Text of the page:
Silhouette of a wedding coupleIn 1881 Eliza married Thomas Bradley at the parish church, Kidderminster, and she described herself on the marriage certificate as being a widow. This was despite her husband Edwin Hathaway, who she had married in the Primitive Methodist Chapel, Brierley Hill in 1870, being alive and well and living barely 10 miles away. The 1871 census shows the couple living in Stourbridge and they have a 5 month old daughter named Louisa[1]. Edwin was over twice her age and a widower himself so perhaps Eliza tired of the marriage and sought out someone a little more exciting and nearer her age.  Ten years later the 1881 census shows Eliza and Thomas Bradley living with Eliza’s daughter Sophia [Louisa?] Hathaway aged 10.

However, her sins caught up with her.  The Worcestershire Chronicle of 20 May 1882 tells of her being caught out but also reports on her ‘story’.

It states that shortly after her marriage, Eliza left her husband to seek her own fortune and went on to marry Thomas Bradley, after which her story starts to get a little involved. She stated that she had visited the Salvation Hall, became a zealous soldier, and “harangued meetings”. Her passion attracted the attention of the commanding officers of the Army and she was promoted to a captain. Her husband, Bradley, did not agree with her making visits to the hall and eventually she left him and was sent on behalf of the Salvation Army to open a campaign at Hafferton [probably Nafferton] in Yorkshire. Her success was so great that she was employed to open another campaign at Goole. At the latter place her “exhortations were also highly successful”, perhaps so successful that the work became too hard and she returned to her friends at Stourbridge.

So far so good – or was it?

In the same newspaper, the following statement was given:

The Daily Chronicle is asked to state that Eliza Hathaway, arrested at Stourbridge on a charge of bigamy at Kidderminster, never was a member let alone a “captain” of the Army, and that the Army has never held a service at either Haffleton (sic), Nafferton or Goole in Yorkshire where she was id to have conducted very successful campaigns in connection with the Army.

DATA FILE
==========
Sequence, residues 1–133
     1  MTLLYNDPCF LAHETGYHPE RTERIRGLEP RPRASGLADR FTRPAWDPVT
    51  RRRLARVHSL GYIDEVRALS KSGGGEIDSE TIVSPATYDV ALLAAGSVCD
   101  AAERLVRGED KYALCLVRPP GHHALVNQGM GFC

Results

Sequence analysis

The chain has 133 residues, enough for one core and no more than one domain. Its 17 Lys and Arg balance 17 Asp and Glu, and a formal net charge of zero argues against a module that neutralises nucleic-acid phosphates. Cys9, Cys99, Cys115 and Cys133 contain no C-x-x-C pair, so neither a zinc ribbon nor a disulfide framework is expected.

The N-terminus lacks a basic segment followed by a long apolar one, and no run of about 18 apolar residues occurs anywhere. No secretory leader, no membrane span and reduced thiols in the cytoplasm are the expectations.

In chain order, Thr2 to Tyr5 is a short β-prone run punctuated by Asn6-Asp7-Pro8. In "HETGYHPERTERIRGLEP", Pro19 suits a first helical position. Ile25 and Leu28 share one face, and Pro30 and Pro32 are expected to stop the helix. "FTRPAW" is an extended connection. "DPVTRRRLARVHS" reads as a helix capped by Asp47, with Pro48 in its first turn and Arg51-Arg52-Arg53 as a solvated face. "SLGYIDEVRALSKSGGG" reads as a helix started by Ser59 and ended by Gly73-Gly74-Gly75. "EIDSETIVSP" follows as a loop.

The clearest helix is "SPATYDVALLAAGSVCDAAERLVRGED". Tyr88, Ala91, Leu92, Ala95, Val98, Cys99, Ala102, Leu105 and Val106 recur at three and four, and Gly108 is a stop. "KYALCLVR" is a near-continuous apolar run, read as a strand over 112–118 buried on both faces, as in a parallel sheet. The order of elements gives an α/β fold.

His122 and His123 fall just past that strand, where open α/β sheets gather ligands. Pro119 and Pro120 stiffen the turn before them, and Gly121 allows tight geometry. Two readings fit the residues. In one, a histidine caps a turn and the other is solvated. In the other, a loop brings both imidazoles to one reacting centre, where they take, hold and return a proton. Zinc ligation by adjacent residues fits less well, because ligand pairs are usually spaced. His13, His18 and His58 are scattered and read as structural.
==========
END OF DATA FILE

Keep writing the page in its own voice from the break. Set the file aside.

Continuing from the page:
It would appear that Eliza was something of a fantasist and perhaps even displayed some mental health issues.  Certainly the judge was fairly lenient with her sentence, committing her to only 14 days in the common gaol on 5th July 1882[1].

Image of a broken heartSo, was bigamy a sort of ‘poor man’s divorce’?  I’m inclined to think it was. In my grandmother’s case, her first marriage had basically fallen apart and her desire to remarry had rather eclipsed any thoughts of ensuring she was free to do so. Eliza was young, possibly a bit flighty and regretted her marriage to a man old enough to be her father. Edmund Lewis and Richard Foster may be classed as ‘cads and rotters’ but perhaps they were simply lively young men who made wrong decisions.  True, it was a man’s world in that a deserted woman had a much tougher time of it than a deserted man and you could argue that Edmund and Richmond were not particularly honourable in their behaviour – but then again, neither was Eliza and my grandmother was uncommonly foolish and easily persuaded.

Newspapers are a great source for finding cases of bigamy and court records are another useful resource. We hold both these resources for Surrey here at the History Centre and they make fascinating reading.

I’m sure that there are dozens of cases of bigamy in the last 200 years or so that have never been discovered (or at least, not at the time!) and I wonder just how many second marriages or relationships were simply an alternative to a divorce. What do you think?